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Your Password Was Hacked. Should You Be Worried? Not if You Use U2F

Your Password Was Hacked. Should You Be Worried? Not if You Use U2F

A few weeks ago I wrote an article warning about how phishing scams can compromise your online account passwords. I also mentioned that one of the best ways to avoid falling victim to these types of attacks is to enable Two-factor Authentication (2FA) on your accounts. While this is good advice you should be aware that not all 2FA systems are created equal.

Take SMS-based 2FA. This is a type of Two-Factor Authentication in which the website or application you are logging into sends you a code via SMS (text message) to your phone when you first try to login.  The idea is that you enter the code in the website or application you are logging onto as a secondary form of authentication. Since our phones are devices we carry with us almost constantly, it is a good way to verify that we are actually the ones attempting to login. After all, your password could have been hacked, but what are the chances that a hacker will have both your password and your phone?

As it turns out, the chances are not as astronomical as you might think. Brian Krebs recently wrote an article on his blog where he details a scheme being run out of Florida in which a criminal ring was cloning cellphone SIM cards and intercepting SMS two-factor codes in order to gain access to users’ accounts. It was reported that this scheme netted the group more than $670,000 in ill-gotten gains. While the ring was broken up by police in Pasco County, FL on July 18th, it is by no means an isolated incident. Just a week earlier police arrested 20-year old Joel Ortiz, a college student in California accused of being part of a similar ring that allegedly stole more than $5 million using this same technique.

In both cases, police found that the criminals were paying cellphone company store employees to illegally clone SIM cards for them. Once the thieves have some information on you, they can easily discover your phone number and then it’s just a matter of bribing the employees of a cellphone store who aren’t exactly getting rich selling phones.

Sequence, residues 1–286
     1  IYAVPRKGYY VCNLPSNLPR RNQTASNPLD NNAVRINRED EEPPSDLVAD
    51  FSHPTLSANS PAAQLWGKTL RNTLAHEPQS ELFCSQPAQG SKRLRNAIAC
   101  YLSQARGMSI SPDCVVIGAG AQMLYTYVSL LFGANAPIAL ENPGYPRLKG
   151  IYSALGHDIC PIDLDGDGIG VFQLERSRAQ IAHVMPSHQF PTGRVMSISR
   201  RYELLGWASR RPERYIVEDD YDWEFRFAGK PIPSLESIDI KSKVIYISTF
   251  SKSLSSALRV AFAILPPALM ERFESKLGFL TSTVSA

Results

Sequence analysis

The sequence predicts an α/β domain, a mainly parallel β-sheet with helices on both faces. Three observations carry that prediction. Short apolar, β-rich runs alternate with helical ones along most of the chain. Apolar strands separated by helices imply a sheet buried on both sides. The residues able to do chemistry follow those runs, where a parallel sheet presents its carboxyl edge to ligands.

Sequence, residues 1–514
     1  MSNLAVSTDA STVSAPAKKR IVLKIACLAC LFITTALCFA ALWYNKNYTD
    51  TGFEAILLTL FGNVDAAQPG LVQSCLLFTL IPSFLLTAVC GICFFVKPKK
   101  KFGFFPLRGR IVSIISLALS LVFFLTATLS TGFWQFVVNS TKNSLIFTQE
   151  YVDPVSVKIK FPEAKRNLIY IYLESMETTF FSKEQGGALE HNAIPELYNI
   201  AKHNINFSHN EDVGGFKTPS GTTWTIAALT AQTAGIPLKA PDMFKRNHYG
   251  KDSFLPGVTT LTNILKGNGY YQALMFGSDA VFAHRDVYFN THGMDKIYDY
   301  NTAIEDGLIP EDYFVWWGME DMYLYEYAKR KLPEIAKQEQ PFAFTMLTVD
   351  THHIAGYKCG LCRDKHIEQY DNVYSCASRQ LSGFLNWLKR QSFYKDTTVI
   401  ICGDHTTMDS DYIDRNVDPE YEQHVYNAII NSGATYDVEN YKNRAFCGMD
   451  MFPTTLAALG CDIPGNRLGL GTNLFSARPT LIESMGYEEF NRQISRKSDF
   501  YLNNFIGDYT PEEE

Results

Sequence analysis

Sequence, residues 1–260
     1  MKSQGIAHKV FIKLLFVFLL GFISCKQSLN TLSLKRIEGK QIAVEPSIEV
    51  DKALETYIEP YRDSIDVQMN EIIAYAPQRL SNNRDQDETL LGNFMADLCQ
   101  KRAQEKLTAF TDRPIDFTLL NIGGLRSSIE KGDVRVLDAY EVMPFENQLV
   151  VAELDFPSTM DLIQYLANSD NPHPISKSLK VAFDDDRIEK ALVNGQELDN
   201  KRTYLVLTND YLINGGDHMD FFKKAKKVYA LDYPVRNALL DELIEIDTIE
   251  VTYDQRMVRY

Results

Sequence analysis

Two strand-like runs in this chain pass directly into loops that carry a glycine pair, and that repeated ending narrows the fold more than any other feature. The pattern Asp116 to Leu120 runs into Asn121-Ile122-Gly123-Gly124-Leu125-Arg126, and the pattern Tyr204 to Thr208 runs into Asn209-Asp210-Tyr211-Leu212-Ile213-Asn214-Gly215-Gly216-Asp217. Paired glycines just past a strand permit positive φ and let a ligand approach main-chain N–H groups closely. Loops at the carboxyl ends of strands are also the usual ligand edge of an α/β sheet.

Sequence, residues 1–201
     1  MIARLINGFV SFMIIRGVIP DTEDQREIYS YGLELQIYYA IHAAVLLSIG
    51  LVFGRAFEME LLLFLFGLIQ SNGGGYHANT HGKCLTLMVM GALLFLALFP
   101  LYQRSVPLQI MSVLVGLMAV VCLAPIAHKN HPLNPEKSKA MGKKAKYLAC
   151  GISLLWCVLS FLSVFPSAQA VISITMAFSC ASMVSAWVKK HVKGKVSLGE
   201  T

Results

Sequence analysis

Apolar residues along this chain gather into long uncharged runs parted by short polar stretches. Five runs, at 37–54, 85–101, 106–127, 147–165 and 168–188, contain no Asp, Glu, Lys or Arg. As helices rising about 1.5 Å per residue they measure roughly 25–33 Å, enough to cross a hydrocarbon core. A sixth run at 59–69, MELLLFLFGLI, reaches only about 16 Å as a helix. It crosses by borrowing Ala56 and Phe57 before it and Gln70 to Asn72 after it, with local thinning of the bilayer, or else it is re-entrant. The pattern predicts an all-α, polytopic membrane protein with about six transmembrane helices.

In these cases, individuals had taken the extra security measure of enabling Two-Factor on their accounts, but still got hacked. So all is lost right? Not exactly. There are 2FA systems that are much more secure than SMS and near impossible to circumvent. One such system is called Universal Second-Factor (U2F). It is more commonly known as a “hardware key”. Although hardware keys as authentication devices have been around for years the reason they aren’t more widely used is two-fold.

First, not all authentication systems currently support U2F. Google, for example, supports U2F when logging into any Google Services. LinkedIn, however, currently only supports SMS-based 2FA. Secondly, many people value their convenience over their security. When logging on to a system requiring a hardware key you must enter your password and then connect the hardware key to the computer (or mobile device) you are using to login to the system. This means that you must carry your hardware key with you at all times. You may not think this an inconvenience (until the first time you forget your key at home and need to login to your computer at the office).

As a result, by a factor of 10:1 the overwhelming majority of 2FA users prefer the easier SMS method than hardware keys. Part of this inconvenience can be mitigated by using smartphone-based authenticator apps like Google Authenticator or Authy. You can see a more in-depth list of these types of apps at PCWorld

The main reason I am focusing more on hardware keys even though they are less common is because you can’t argue with results. In July 2018 Business Insider reported that Google has used the Yubikey U2F device for over a year and in that time there has not been a single takeover of any account within the company. This is an astounding statistic given Google’s profile as a hack target.

There are many different manufacturers of U2F devices. Manufacturers can choose to make devices with different interfaces USB-A, USB-C, NFC, BLE, etc. The devices themselves can also support different features.

Some like the basic "Security Key by Yubico" only support U2F (note: Yubico has more feature-filled variants)

 

Others like the Feitian ePass support U2F as well as other authentication methods such as OATH, HOTP and CCID.

 

Brad Hill over at GitHub created a repo where he compiled reviews of the more well known U2F keys. It's a good place to start if you want to know which device might work best for you.

So now that you have this information what can you do with it? The answer to that depends on which online accounts you consider vital to your day-to-day and how secure you want those accounts to be?

Not all services currently support Two-Factor authentication or the FIDO-U2F standard needed for using hardware keys; however, many of the more ubiquitous services are already on board.

Decide which key and feature set is best for you and initially buy two keys. I say two because if you register just one key and lose it while it's attached to your key-chain it may prove time consuming to restore access to your accounts. If you registered a second key (kept in a safe place at home) you can easily regain access to your accounts.

Whatever solution you choose 2FA should be a part of it, even if it's just SMS. To re-purpose an old saying for the age we live in: Two Factors are better than one.

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